Is Data Meeting Decision-Makers’ Needs?

OPINION

Is Data Meeting Decision-Makers’ Needs?

Many organisations understand the efficiency to be gained from data but can they harness the opportunities data offers to create new business lines? ASG Technologies' VP & GM Asia Pacific Praveen Kumar weighs in on the three key areas that decision-makers should consider, when evaluating their organisation’s data management systems.

The information age is making businesses smarter, but it is also making executives more stressed. Organisations are overwhelmed with the volume of data and content that needs to be managed, protected and (ideally) used to steer critical business decisions.

Decision-makers need a 360-degree view of their business environment to understand both the structured and unstructured data and content they’re working with across the entire enterprise, as well as how to leverage it for success.

According to Ragu Gurumurthy, CIO and CDO of Deloitte, many organisations understand the efficiency to be gained from data, but very few can harness the opportunities data offers to create new business lines. Executives need the right tools and solutions to fuel a holistic enterprise information management strategy. Only then can they know how they are maximising or missing value-generating opportunities.

Conducted with 180 executives across key industries who shared their knowledge and experience, a survey by ASG Technologies in partnership with Forbes Insight uncovered what decision-makers see as pressing concerns around enterprise information management. The report established that while businesses are beginning to leverage information-driven insights, their processes are far from optimised. 

Here are three key areas that decision-makers should consider, when evaluating their organisation’s data management systems: 

1) Data-driven decision-making positively impacts diverse areas of the organisation 

When asked where information-driven decision-making has the greatest impact across the organisation (scoring at least 4 or 5 on a scale of 1 to 5), executives identified customer satisfaction/engagement (68 percent) and internal operations (68 percent) as the most positively influenced. Next were employee and manager productivity (66 percent) and sales and marketing (63 percent). When executed well, an information-driven enterprise can use data to enhance diverse areas of the organisation.

2)The speed of access is lagging way behind the speed of business 

To compete in the digital era, organisations need to be able to make real-time decisions based on trusted data and deliver information on demand wherever it is needed. This reality is still far off for many enterprises, however, given the average amount of time it takes to discover and access information.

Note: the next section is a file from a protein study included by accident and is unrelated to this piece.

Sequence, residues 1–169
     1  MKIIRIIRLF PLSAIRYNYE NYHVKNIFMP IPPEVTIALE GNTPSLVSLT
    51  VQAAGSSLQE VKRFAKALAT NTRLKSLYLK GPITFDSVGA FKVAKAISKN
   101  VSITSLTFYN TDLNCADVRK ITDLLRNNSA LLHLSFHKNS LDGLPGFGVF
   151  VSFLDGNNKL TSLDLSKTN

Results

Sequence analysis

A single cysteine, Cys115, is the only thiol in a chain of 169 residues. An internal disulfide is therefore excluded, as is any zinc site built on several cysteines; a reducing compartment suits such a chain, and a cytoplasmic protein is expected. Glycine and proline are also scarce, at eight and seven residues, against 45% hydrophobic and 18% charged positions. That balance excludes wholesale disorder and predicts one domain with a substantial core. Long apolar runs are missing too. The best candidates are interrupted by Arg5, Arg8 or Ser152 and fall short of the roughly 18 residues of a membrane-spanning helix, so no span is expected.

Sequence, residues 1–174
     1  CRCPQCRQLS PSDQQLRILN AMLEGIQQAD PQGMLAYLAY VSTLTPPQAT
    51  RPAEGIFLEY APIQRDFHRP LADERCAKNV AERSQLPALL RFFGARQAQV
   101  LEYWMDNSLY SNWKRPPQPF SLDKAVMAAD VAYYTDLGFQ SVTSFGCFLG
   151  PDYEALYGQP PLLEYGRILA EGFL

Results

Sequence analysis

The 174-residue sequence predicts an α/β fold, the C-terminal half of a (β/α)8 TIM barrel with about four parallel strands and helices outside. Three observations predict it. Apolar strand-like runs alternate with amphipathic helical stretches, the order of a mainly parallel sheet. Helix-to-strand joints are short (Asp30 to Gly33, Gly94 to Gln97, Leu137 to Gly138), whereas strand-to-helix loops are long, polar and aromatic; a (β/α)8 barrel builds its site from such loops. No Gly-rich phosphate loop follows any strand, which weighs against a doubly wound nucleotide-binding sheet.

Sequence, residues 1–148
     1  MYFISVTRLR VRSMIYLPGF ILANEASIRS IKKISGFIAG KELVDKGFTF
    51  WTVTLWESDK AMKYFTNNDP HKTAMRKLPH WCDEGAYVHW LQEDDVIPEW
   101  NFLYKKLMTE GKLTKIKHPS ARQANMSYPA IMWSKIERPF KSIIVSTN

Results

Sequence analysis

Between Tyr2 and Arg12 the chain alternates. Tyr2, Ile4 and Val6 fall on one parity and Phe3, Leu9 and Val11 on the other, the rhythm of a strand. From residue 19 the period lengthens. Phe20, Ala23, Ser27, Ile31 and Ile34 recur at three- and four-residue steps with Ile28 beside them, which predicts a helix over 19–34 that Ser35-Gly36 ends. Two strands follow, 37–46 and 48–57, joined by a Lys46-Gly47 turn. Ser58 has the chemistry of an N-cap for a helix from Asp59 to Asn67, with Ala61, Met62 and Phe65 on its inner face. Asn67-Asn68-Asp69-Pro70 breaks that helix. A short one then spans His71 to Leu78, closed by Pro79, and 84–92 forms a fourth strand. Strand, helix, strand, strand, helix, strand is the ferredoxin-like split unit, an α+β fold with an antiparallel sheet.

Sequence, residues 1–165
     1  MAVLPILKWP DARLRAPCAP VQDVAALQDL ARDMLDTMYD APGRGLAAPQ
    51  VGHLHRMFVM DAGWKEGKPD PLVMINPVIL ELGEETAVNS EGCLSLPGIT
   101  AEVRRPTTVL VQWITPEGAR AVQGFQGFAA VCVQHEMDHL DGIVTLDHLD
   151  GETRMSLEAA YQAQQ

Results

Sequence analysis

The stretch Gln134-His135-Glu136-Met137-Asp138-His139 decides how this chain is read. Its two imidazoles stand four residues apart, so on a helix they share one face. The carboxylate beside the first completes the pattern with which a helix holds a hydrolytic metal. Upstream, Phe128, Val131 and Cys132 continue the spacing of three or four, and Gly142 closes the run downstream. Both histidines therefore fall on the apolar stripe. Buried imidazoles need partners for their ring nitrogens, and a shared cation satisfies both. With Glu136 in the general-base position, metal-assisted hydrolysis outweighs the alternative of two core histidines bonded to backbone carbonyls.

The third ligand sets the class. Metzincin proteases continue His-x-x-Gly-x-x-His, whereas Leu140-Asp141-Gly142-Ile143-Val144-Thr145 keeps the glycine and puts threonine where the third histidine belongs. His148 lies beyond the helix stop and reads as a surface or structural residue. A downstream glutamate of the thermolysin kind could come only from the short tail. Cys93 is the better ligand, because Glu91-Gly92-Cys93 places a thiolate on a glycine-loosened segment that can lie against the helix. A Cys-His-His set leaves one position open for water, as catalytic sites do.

Less than half of executives (47 percent) can tap into most of their information within a reasonable period of time — defined as being available within five minutes or less. In fact, only 11 percent of executives can access information within 15 minutes, and 42 percent say it takes longer than an hour.

More alarming, for 10 percent of organisations, finding the right information often takes longer than a business day.

3) Current information management infrastructures fall short when it comes to data access

To know your business, you must know your data, which means having the right infrastructure in place to access it when needed. According to our survey, only one-third of executives consider their current enterprise information management infrastructure to be “highly effective” in enabling decision-makers to access the information they require, when required.

One in four executives say information is difficult to access because their enterprises are operating on outdated legacy systems

Specifically, one in four executives say information is difficult to access because their enterprises are operating on outdated legacy systems. When executives access enterprise data, only a small portion is accessible to analytics.

Only 21 percent of executives can report that most of their structured data is part of their analytics capabilities, and only 18 percent see content being delivered to these systems — meaning only 18 percent of content is being analysed to help decision-making. 

For organisations to compete in today’s digital business landscape, they need an enterprise information management strategy that manages and leverages data and content as true assets and investments for the future.

While 65 percent of executives are satisfied with their enterprise information management system’s ability to enable decision-making, only 27 percent are highly confident that their enterprise data management (EDM) and enterprise content management (ECM) systems are well-positioned to take advantage of new technology approaches and platforms in the months and years to come. 

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